Far-right groups on terror list will rebrand: expert

Far-right groups on terror list will rebrand: expert

ZAK VESCERA

Adding Neo-Nazis to the country's list of terrorist groups was a "symbolic" gesture, says expert Candyce Kelshall. CALGARY POLICE SERVICE/Files

The federal government is unpre­pared for tackling far-right ex­tremism and needs to rethink its approach, said a local think-tank. 

Candyce Kelshall, president of the Vancouver branch of the Canadian Association for Security and Intelligence Studies, said tradi­tional counterterrorism measures aren't equipped to tackle right­ wing groups, which she described as transnational and decentralized. 

"Law enforcement is looking at these groups as entities ... with a hierarchical structure," said Kelshall. "But, in fact, that is not the case."

Last month, Public Safety Cana­ da added neo-Nazi group Blood and Honour and its "armed branch" - Combat 18 - to the country's offi­cial list of terrorist entities, mark­ing the first time right-wing groups appeared on the list

Kelshall said labelling Blood and Honour as a terrorist organization sends a strong message, but the group will likely rebrand in another form.

"It is important in that it signals that people are paying attention to right-wing extremism," she said. "But the act itself is symbolic."

Kelshall noted members of organizations such as the xenopho­bic street gang Soldiers of Odin recently renamed themselves the "Canadian Infidels." She said mak­ing such changes is common for far-right movements, unlike other terrorist organizations.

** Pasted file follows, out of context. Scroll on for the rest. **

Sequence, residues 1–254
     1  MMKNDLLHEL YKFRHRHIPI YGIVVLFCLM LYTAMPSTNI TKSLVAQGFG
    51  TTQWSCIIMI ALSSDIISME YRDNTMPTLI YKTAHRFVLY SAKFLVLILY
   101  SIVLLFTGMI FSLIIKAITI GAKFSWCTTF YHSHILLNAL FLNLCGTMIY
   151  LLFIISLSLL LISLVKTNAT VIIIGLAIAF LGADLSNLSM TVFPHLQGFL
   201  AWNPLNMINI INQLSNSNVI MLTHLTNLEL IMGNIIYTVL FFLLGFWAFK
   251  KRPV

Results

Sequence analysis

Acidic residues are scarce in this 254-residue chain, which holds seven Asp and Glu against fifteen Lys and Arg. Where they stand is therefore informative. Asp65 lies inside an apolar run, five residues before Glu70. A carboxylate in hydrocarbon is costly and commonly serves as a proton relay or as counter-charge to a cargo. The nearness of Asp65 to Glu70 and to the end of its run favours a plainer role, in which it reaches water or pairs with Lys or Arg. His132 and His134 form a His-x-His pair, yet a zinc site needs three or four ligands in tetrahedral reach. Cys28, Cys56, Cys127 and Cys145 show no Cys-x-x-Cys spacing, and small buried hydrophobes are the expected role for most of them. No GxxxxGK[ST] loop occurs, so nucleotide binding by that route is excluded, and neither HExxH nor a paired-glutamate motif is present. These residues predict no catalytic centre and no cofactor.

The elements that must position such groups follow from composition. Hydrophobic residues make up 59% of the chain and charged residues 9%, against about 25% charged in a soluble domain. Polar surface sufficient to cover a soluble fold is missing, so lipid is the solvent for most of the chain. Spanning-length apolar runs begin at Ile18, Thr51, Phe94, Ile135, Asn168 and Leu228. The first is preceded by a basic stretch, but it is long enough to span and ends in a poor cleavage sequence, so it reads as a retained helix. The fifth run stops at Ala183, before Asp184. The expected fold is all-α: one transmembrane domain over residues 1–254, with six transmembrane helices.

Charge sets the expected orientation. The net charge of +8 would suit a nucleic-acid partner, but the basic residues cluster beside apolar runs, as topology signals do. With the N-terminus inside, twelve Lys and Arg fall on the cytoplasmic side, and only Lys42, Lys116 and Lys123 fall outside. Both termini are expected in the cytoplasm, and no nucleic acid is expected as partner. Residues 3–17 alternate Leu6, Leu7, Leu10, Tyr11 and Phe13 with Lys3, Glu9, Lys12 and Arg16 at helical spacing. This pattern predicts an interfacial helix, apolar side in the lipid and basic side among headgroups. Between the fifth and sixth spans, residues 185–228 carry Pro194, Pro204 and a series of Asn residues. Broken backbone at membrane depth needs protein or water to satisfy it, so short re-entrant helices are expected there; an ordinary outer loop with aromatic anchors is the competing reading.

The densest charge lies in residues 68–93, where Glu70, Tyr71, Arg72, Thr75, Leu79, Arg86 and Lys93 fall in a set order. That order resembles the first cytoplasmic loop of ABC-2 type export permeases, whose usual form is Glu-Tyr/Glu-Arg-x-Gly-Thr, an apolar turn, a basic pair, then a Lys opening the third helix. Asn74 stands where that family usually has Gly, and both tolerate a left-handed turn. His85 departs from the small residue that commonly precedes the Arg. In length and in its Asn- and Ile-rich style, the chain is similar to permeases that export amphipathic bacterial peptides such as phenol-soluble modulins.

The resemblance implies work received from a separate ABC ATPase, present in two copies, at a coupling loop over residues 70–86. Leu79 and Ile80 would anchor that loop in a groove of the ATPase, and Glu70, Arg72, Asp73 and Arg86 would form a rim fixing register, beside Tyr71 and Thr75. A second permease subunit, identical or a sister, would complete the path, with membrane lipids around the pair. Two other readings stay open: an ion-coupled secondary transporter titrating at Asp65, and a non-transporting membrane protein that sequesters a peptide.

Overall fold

"You can brand their group as a terrorist organization. It will simply rebrand into something else," she said.

Blood and Honour emerged from the British neo-Nazi music movement in the 1970s and has since spread to Canada and the United States.

The group, which the govern­ment describes as "an internation­al neo-Nazi network whose ideol­ogy is derived from the National Socialist doctrine of Nazi Germa­ny," made headlines in Vancouver in 2011 after three members were charged in a series of alleged hate crimes dating back to 2008.

In one 2009 incident, police said a Filipino man sleeping on a discarded couch was apparently doused in flammable liquid and set on fire. Charges were acquitted or stayed in the case. Blood and Honour was also linked to a series of armed attacked in Edmonton and Calgary in 2012 and 2013.

A 2017 RCMP report said the group was active in Quebec, Alber­ta and Ontario at the time. Vancouver police said the group no longer has a visible presence in the city. A statement from B.C. RCMP's hate crimes unit said sources indicate only "limited Blood & Honour ac­tivity in B.C. after 2012."

But Kelshall, an expert on coun­terterrorism, said the group's affil­iate organizations are still active in disseminating hate online or in other far-right groups.

She noted that far-right extrem­ism is "transnational" in nature, meaning radicalized people come from a variety of different coun­tries and may have different spe­cific grievances that motivate their actions.

A heavily redacted January 2018 CSIS report obtained by a freedom of information request stated that social media plays a key role in spreading hateful rhetoric, noting "the ease by which European and American extreme right-wing con­ tent is consumed by like-minded Canadians."

Kelshall said the result is that far-right extremism is gaining ground in mainstream politics rather than as isolated attacks.

A heavily redacted January 2018 CSIS report obtained by a freedom of information request stated that social media plays a key role in spreading hateful rhetoric, noting "the ease by which European and American extreme right-wing con­ tent is consumed by like-minded Canadians."

Kelshall said the result is that far-right extremism is gaining ground in mainstream politics rather than as isolated attacks.

"(Attacks) are a bit like lightning strikes," she said. "If we focus on the lightning strikes, we're not going to look at the hail or the flood waters that will come as the storm is passing trough.

"We're more concerned that the thunderstorm of right-wing extremism is doing more damage than those who are hit by lightning strikes."

zvescera@postmedia.com twitter.com/zakvescera